The gas bill could turn you off energy saving
One of the features of the Green Deal is the repayment of energy efficiency loans through lower bills. But has the Government chosen the wrong bill?
The Green Deal is primarily designed to save energy used for heating. And for hot water. Across Britain, most heating and hot water is provided by natural gas. So why then is the Green Deal charge set to be placed on the electricity bill?
There is no doubting the ambition of the Green Deal. According to Energy Minister Greg Barker, it is due to be made available to two out of three British households by the end of the decade. As it doesn’t get started until autumn 2012, that means around 2 million homes could be involved every year of its existence. Plus an as yet unidentified number of commercial and services buildings.
Last autumn Mr Barker invited me to chair a new advisory forum made up of some 23 mostly private sector stakeholders. He nominated buildings-related professional bodies, landlords and tenants interests, local government and energy supply associations, environmental and housing organisations to serve with me.
Our title is the Green Deal Maximisation Forum. The formal briefing paper, sent to all members with their invitation to participate, states that “the Green Deal is an ambitious programme to increase the energy efficiency of UK building stock. In particular, we expect it to contribute to a 29% reduction in carbon emissions from our homes and 13% from non-domestic properties by 2020.”
Those objectives are nothing if not ambitious. Which is presumably why our official purpose is to “suggest ways of increasing the uptake of the Green Deal across a range of property tenures, types and geographic locations”.
It was greatly encouraging when on Budget Day this March it was formally announced that “the Government will act toencourage and incentivise take-up so that the Green Deal will appeal to households, businesses and prospective providers alike, before it is introduced in 2012.”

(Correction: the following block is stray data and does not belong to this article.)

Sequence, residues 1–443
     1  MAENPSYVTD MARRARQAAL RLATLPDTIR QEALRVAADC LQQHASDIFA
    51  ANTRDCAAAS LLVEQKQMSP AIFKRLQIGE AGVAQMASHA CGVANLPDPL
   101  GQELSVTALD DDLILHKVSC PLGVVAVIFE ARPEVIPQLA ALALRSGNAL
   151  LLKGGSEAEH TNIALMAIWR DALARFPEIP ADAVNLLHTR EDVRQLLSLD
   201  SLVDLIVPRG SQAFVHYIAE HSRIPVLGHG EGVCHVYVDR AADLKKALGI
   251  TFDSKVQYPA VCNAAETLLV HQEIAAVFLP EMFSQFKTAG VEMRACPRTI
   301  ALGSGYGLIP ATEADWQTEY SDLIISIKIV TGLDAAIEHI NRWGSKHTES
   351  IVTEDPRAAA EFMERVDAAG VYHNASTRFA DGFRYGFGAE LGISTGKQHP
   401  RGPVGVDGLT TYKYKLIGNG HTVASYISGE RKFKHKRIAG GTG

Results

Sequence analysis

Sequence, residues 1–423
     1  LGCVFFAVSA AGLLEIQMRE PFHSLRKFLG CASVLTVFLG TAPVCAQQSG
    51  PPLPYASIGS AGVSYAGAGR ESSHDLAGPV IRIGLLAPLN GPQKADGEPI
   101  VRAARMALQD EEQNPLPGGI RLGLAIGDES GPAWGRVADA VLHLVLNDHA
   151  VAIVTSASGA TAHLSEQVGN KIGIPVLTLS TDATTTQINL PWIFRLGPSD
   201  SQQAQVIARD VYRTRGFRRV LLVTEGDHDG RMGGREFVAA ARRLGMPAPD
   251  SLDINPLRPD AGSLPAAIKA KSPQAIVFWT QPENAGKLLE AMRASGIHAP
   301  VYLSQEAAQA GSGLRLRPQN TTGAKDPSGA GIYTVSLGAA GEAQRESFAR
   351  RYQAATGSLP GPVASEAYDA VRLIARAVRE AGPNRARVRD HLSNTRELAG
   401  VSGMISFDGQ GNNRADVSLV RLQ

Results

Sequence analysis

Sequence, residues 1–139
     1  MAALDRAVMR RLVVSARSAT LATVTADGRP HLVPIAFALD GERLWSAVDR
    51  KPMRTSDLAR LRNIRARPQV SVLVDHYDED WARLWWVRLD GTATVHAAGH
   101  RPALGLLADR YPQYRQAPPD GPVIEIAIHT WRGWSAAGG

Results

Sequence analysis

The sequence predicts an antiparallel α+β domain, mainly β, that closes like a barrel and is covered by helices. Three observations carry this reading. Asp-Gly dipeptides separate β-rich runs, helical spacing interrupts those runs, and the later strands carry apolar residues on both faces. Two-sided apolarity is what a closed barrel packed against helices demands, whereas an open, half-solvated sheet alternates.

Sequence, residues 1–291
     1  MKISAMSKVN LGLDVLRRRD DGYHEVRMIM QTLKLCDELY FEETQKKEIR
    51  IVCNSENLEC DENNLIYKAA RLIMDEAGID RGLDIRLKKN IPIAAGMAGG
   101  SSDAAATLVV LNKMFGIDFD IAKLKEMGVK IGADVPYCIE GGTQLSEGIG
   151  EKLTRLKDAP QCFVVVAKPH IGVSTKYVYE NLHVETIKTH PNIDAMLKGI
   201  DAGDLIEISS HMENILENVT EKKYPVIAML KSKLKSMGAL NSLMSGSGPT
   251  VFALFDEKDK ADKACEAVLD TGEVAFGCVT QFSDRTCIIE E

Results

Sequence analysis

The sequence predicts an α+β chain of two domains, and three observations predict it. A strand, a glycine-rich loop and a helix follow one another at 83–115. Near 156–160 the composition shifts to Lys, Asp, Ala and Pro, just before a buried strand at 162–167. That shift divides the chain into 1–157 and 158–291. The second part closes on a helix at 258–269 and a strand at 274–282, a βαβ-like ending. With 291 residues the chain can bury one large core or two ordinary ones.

The colloquial way in which our role is described is exploring the viability of a set of policy “nudges and triggers”, each designed to help realise the enormous potential for saving energy throughout our building stock.
At the same time, members of my Forum are also anxious to remove any obvious obstacles that might deter likely Green Deal participants. At present, those who make their buildings more energy efficient, and pay their fuel bills by standing order, frequently have to wait an entire year or more before their actual fuel bills are agreed to be reduced. Even if consumption levels may have plummeted in the meantime.
But the biggest worry of the lot – indeed potentially one of the biggest threats to its overall success – is the way that the Green Deal charge is due to be paid back. It will be placed onto the energy bill least likely to be affected by the energy saving investments.
For 78% of occupied British buildings, heating and hot water is provided by natural gas. That is the fuel bill most likely to be reduced after a Green Deal makeover. That would therefore be the logical bill to carry the loan repayments in the vast majority of cases.
Repaid via electricity bill
But because a small minority aren’t on the gas network, and because the energy companies prefer it for their own convenience, the present concept is that the Green Deal loan will be repaid via the electricity bill. The one least likely to be reduced.
Ministers have rightly set great store by trying to ensure that all Green Deal contracts meet the Golden Rule.That means that beneficiaries will save more money via lower fuel bills, than the cost of the initial energy saving investments.
Where participants buy gas and electricity bills from the same company, and when they receive joint bills, allocating the Green Deal to the “wrong bill” shouldn’t be too much of a problem. But the majority of households still buy from two different providers.
And when they find that their electricity bill has continued to rise and that it carries the Green Deal loan cost upon it as well, I fear that this will be when some will be asking loud questions about why on earth they ever got involved with this Government flagship policy at all. Pointing out what may be happening with another bill, incurred with another company, may not appease them. Nor will it the tabloid newspapers to which they go running.
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